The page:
“Dost thou mean to say now, Sancho,” said Don Quixote, “that I did not feel when they were blanketing thee? If thou dost, thou must not say so or think so, for I felt more pain then in spirit than thou didst in body. But let us put that aside for the present, for we shall have opportunities enough for considering and settling the point; tell me, Sancho my friend, what do they say about me in the village here? What do the common people think of me? What do the hidalgos? What do the caballeros? What do they say of my valour; of my achievements; of my courtesy? How do they treat the task I have undertaken in reviving and restoring to the world the now forgotten order of chivalry? In short, Sancho, I would have thee tell me all that has come to thine ears on this subject; and thou art to tell me, without adding anything to the good or taking away anything from the bad; for it is the duty of loyal vassals to tell the truth to their lords just as it is and in its proper shape, not allowing flattery to add to it or any idle deference to lessen it. And I would have thee know, Sancho, that if the naked truth, undisguised by flattery, came to the ears of princes, times would be different, and other ages would be reckoned iron ages more than ours, which I hold to be the golden of these latter days. Profit by this advice, Sancho, and report to me clearly and faithfully the truth of what thou knowest touching what I have demanded of thee.”
“That I will do with all my heart, master,” replied Sancho, “provided your worship will not be vexed at what I say, as you wish me to say it out in all its nakedness, without putting any more clothes on it than it came to my knowledge in.”
“I will not be vexed at all,” returned Don Quixote; “thou mayest speak freely, Sancho, and without any beating about the bush.”
“Well then,” said he, “first of all, I have to tell you that the common people consider your worship a mighty great madman, and me no less a fool. The hidalgos say that, not keeping within the bounds of your quality of gentleman, you have assumed the ‘Don,’ and made a knight of yourself at a jump, with four vine-stocks and a couple of acres of land, and never a shirt to your back. The caballeros say they do not want to have hidalgos setting up in opposition to them, particularly squire hidalgos who polish their own shoes and darn their black stockings with green silk.”
“That,” said Don Quixote, “does not apply to me, for I always go well dressed and never patched; ragged I may be, but ragged more from the wear and tear of arms than of time.”
“As to your worship’s valour, courtesy, accomplishments, and task, there is a variety of opinions. Some say, ‘mad but droll;’ others, ‘valiant but unlucky;’ others, ‘courteous but meddling,’ and then they go into such a number of things that they don’t leave a whole bone either in your worship or in myself.”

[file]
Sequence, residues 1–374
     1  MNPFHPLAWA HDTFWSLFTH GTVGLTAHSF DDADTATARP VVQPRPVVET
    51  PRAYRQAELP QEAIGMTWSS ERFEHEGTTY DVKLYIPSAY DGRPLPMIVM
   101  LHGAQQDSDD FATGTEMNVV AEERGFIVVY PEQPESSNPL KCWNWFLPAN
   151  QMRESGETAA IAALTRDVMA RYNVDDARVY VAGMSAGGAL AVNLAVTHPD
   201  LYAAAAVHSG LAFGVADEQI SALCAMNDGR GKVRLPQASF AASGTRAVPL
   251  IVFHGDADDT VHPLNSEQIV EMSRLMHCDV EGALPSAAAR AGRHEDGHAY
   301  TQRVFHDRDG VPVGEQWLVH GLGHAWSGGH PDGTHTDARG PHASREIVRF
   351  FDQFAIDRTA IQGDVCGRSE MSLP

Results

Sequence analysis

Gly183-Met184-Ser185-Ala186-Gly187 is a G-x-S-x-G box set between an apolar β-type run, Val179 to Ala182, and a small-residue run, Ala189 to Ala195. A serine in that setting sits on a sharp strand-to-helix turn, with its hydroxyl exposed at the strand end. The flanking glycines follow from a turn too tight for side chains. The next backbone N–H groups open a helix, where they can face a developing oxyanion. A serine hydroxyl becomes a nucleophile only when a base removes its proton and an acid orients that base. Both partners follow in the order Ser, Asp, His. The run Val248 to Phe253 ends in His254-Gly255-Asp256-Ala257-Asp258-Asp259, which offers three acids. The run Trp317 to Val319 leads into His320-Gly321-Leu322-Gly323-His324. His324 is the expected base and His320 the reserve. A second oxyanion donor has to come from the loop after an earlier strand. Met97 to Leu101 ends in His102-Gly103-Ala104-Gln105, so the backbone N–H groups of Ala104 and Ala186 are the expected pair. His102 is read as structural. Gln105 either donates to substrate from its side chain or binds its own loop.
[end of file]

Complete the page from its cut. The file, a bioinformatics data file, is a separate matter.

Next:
“Recollect, Sancho,” said Don Quixote, “that wherever virtue exists in an eminent degree it is persecuted. Few or none of the famous men that have lived escaped being calumniated by malice.”
It’s worth noting that Sancho the pragmatist often gets the better of Quixote the idealist in the many conversations that fill this book, and that Cervantes drops many hints that Sancho is not as dumb as Quixote thinks he is. Even more paradoxically, it must be noted that Sancho the pragmatist really isn’t very pragmatic at all, as there is nothing pragmatic about his decision to travel with Don Quixote.
If we’re going to read Don Quixote as a philosophical text, we might as well also flip the formula and read Rene Descartes’s Meditations on First Philosophy as literature. Descartes is an exciting writer, like most great philosophers. Removed from their context, these words can speak with the quiet power of, say, an Emily Dickinson poem:
I will now close my eyes, I will stop my ears, I will turn away my senses from their objects, I will even efface from my consciousness all the images of corporeal things; or at least, because this can hardly be accomplished, I will consider them as empty and false; and thus, holding converse only with myself, and closely examining my nature, I will endeavor to obtain by degrees a more intimate and familiar knowledge of myself. I am a thinking thing.
We can also have some fun by mashing up Cervantes and Descartes directly together. Picture this:
“I discover in my mind innumerable ideas of certain objects,” said Don Quixote, “which cannot be esteemed pure negations, although perhaps they possess no reality beyond my thought, and which are not framed by me though it may be in my power to think, or not to think them, but possess true and immutable natures of their own. As, for example, when I imagine a triangle, although there is not perhaps and never was in any place in the universe apart from my thought one such figure, it remains true nevertheless that this figure possesses a certain determinate nature, form, or essence, which is immutable and eternal, and not framed by me, nor in any degree dependent on my thought; as appears from the circumstance, that diverse properties of the triangle may be demonstrated, viz., that its three angles are equal to two right, that its greatest side is subtended by its greatest angle, and the like, which, whether I will or not, I now clearly discern to belong to it, although before I did not at all think of them, when, for the first time, I imagined a triangle, and which accordingly cannot be said to have been invented by me.”
“I have here an onion and a little cheese and a few scraps of bread,” said Sancho, “but they are not victuals fit for a valiant knight like your worship.”
That’s my own mashup — Descartes words in Quixote’s mouth — and I’m not sure what it means. But it does seem to scan.